The operating ranges of mesoscale numerical models and meteorological wind tunnels for sea- and land-breeze simulations are defined in this paper based on a review of the theoretical and practical limitations of these two approaches. Numerical-model operating ranges are limited by the choice of governing equations, the numerical methods used to solve the governing equations, the scales of the surface or atmospheric forcing and the atmospheric response, the specified grid resolution and domain size, and the available computer resources. Wind-tunnel operating ranges are limited by the dimensions of the simulated circulations and of the tunnel itself, the tunnel flow speed and turbulence characteristics, the temperature gradients within the tunnel, the lack of Coriolis force and moist processes, and the characteristics of the measurement instrumentation. The operating ranges of these two simulation methods are shown to overlap. In this common range, results of simulations from both approaches can be compared so as to strengthen the validity of the results and to help in the development and improvement of parameterizations of physical processes in numerical models. In addition, the coupling of meteorological wind tunnels and mesoscale numerical models offers a larger range of operating conditions than can be achieved by either approach alone. Together, they can be used in a hybrid form to predict atmospheric conditions at the scale of a few meters for complex terrain (e.g., buildings, hills, etc.) within larger mesoscale atmospheric flow regimes. In the case of sea and land breezes, the sea-land transition zone and coastal internal boundary layer can be studied using both approaches.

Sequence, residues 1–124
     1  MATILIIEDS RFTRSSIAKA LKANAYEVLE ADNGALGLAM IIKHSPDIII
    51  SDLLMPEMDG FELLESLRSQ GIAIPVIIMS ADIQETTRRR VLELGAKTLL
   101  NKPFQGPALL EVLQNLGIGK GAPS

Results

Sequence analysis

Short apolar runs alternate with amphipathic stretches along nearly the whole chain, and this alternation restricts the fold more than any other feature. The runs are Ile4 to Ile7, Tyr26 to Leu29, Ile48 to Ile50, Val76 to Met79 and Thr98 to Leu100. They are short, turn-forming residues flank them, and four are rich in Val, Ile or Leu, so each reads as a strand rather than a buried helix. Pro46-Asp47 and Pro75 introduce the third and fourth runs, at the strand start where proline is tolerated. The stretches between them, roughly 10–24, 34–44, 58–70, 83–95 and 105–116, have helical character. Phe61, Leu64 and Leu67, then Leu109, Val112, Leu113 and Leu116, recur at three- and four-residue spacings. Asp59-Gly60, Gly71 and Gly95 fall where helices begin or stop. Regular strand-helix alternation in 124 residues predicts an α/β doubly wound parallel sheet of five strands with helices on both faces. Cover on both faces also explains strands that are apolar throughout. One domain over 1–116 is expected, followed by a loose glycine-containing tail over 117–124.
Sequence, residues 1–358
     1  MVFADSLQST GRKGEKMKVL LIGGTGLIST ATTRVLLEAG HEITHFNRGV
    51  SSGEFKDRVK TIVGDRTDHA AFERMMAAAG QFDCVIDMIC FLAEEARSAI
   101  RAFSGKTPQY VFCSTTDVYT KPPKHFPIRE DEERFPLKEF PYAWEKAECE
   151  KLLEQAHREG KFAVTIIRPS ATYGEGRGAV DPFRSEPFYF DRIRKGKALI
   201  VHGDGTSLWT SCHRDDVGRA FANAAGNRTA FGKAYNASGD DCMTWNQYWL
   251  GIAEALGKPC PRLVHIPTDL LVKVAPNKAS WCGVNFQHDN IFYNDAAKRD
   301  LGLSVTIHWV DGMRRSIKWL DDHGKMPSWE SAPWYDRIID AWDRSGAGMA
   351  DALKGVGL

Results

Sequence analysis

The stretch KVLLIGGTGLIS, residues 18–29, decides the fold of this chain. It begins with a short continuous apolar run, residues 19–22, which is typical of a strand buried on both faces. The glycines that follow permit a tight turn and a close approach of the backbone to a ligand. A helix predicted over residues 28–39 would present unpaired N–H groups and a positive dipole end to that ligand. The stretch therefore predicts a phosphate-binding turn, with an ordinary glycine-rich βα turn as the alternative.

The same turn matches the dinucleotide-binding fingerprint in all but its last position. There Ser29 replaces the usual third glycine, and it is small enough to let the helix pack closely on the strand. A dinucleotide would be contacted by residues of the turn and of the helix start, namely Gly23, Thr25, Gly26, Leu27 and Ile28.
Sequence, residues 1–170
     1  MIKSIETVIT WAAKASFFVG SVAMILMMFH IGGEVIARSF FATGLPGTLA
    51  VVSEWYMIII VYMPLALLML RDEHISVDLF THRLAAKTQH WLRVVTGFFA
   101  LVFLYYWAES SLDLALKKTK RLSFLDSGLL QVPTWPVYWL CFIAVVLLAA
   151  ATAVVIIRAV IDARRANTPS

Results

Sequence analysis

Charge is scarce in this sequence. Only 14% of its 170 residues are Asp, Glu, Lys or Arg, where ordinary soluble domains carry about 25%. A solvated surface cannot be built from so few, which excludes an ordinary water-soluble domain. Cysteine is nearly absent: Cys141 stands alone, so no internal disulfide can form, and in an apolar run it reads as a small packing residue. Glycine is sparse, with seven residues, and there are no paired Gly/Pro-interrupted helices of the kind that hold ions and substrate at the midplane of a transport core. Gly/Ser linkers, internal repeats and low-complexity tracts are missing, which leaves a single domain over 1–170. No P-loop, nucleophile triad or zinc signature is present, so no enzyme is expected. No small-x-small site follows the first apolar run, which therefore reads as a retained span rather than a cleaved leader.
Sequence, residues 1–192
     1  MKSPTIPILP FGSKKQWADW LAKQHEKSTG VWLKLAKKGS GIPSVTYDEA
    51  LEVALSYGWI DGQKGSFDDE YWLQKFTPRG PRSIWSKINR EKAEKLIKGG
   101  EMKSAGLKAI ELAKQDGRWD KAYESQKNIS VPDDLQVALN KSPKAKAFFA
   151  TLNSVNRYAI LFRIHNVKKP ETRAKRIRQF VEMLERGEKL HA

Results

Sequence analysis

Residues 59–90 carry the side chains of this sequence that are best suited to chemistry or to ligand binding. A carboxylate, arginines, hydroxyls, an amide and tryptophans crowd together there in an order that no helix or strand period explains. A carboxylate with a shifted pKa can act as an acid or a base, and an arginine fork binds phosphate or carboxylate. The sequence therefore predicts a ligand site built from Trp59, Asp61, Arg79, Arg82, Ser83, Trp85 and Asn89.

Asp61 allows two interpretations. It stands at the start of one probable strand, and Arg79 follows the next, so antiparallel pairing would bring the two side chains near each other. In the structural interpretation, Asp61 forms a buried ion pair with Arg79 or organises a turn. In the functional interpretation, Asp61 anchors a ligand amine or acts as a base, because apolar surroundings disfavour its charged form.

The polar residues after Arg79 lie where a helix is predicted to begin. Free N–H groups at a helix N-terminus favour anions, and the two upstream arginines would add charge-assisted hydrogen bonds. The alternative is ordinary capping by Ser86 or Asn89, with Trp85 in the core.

ASJC Scopus subject areas
- Atmospheric Science